Genome-wide CRISPRi/a screens in human neurons link lysosomal failure to ferroptosis

Prosaposin-deficient neurons accumulating dysfunctional lysosomes

In a new paper published in Nature Neuroscience, the Kampmann lab conducted the first genome-wide CRISPR-based screens in human neurons, and uncovered a new pathway protecting neurons from oxidative stress.

Surprisingly, the screens found a neuron-specific role for the lysosomal protein prosaposin in controlling survival during oxidative stress. Prosaposin loss caused the formation of lipofuscin, a hallmark of aging, which trapped iron, generating ROS and triggering ferroptosis. Mutations in prosaposin have been linked to neurodegenerative diseases.

The project was led by Ruilin Tian, a graduate student in the Kampmann, who recently started his own lab as an Assistant Professor at the Southern University of Science and Technology in Shenzhen, China.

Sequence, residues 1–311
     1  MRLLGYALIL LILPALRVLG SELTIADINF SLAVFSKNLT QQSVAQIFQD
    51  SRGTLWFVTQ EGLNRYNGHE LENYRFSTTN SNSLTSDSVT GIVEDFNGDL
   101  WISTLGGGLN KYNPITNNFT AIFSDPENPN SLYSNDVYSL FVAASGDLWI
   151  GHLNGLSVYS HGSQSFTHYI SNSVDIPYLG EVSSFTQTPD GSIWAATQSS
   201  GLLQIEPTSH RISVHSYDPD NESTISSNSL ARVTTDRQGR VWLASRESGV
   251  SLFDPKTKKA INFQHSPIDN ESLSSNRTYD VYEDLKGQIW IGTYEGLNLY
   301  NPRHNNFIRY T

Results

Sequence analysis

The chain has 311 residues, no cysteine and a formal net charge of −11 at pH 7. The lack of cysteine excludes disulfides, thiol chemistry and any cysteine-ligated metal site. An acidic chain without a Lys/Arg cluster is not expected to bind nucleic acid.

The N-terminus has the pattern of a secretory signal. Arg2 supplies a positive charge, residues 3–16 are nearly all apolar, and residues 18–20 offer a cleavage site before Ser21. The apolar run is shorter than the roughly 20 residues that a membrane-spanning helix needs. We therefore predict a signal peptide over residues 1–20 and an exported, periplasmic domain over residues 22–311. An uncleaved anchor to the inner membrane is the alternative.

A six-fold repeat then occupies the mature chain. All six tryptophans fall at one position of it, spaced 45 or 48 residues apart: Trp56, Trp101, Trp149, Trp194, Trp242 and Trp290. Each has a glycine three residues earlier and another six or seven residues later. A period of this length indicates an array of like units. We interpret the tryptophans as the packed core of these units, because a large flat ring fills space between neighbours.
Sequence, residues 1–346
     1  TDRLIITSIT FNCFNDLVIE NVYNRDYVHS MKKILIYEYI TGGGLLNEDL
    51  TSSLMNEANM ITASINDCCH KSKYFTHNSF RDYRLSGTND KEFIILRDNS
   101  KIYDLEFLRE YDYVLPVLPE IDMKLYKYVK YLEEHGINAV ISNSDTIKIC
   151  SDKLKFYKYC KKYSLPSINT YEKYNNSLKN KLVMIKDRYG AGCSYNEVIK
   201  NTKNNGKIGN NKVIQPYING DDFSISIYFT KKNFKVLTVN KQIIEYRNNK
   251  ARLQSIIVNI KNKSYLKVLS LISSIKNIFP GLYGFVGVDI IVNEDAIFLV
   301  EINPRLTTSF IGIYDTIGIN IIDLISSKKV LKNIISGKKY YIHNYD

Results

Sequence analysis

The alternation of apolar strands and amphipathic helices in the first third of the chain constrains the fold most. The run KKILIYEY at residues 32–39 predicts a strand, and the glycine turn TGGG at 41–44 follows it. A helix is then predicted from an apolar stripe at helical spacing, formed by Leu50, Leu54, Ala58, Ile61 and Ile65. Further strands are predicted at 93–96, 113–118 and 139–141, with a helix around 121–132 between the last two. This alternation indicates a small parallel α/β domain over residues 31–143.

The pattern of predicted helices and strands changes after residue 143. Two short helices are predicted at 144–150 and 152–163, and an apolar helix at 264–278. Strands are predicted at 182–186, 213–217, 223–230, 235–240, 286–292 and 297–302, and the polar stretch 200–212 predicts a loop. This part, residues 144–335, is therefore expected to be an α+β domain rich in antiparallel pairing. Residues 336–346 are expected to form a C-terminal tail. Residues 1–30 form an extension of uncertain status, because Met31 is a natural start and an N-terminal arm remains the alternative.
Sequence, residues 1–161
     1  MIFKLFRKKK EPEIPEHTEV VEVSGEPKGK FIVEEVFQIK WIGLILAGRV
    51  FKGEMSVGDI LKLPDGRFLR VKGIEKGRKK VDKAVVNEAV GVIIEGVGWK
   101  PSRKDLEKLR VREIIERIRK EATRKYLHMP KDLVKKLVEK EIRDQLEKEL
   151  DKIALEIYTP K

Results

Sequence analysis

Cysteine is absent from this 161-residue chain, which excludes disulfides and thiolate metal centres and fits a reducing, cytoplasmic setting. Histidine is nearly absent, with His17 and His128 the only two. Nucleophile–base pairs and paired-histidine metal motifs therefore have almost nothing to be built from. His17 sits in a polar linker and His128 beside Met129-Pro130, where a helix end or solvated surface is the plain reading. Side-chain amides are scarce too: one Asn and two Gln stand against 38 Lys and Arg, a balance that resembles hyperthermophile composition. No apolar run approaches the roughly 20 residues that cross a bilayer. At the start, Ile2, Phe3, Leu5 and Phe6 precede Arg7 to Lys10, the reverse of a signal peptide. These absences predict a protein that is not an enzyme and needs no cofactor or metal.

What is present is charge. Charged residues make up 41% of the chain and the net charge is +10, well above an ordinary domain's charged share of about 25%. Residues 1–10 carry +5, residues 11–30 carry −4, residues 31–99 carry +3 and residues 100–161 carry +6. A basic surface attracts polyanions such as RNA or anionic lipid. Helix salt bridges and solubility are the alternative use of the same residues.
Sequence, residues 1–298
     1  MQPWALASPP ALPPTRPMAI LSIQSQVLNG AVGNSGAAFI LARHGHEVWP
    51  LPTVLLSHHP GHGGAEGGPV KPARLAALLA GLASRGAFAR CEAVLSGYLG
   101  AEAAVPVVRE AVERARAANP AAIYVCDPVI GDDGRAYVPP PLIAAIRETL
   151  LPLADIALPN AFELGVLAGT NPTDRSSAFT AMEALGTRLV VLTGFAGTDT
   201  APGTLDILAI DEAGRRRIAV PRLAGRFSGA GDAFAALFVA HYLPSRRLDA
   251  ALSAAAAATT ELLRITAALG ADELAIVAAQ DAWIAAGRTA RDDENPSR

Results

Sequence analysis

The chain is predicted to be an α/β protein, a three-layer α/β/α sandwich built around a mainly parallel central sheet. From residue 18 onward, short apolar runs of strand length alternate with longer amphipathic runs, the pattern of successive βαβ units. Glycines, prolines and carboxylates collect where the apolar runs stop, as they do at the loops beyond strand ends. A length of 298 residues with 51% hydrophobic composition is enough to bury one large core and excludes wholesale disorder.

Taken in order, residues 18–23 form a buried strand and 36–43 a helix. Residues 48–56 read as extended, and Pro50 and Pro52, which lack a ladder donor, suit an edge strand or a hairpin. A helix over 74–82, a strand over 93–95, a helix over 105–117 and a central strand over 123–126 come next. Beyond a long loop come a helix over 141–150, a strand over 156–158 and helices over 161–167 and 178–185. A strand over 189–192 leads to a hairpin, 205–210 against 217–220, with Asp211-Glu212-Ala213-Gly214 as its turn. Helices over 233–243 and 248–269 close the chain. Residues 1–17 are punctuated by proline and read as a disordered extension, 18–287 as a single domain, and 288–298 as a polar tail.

The Kampmann lab collaborated with Data Tecnica International to create a data commons, called CRISPRbrain, to enable the scientific community to access, explore, visualize and cross-compare the results of CRISPR screens in different human cell types.

Read the UCSF press release here.

Read a discussion of this research by the Alzheimer’s Forum here.


Tian R, Abarientos A, Hong J, Hashemi SH, Yan R, Dräger N, Leng K, Nalls MA, Singleton AB, Xu K, Faghri F, Kampmann M.
Genome-wide CRISPRi/a screens in human neurons link lysosomal failure to ferroptosis.
Nature Neuroscience. 2021 May 24. doi: 10.1038/s41593-021-00862-0. Epub ahead of print. PMID: 34031600.

Access the preprint on bioRxiv here.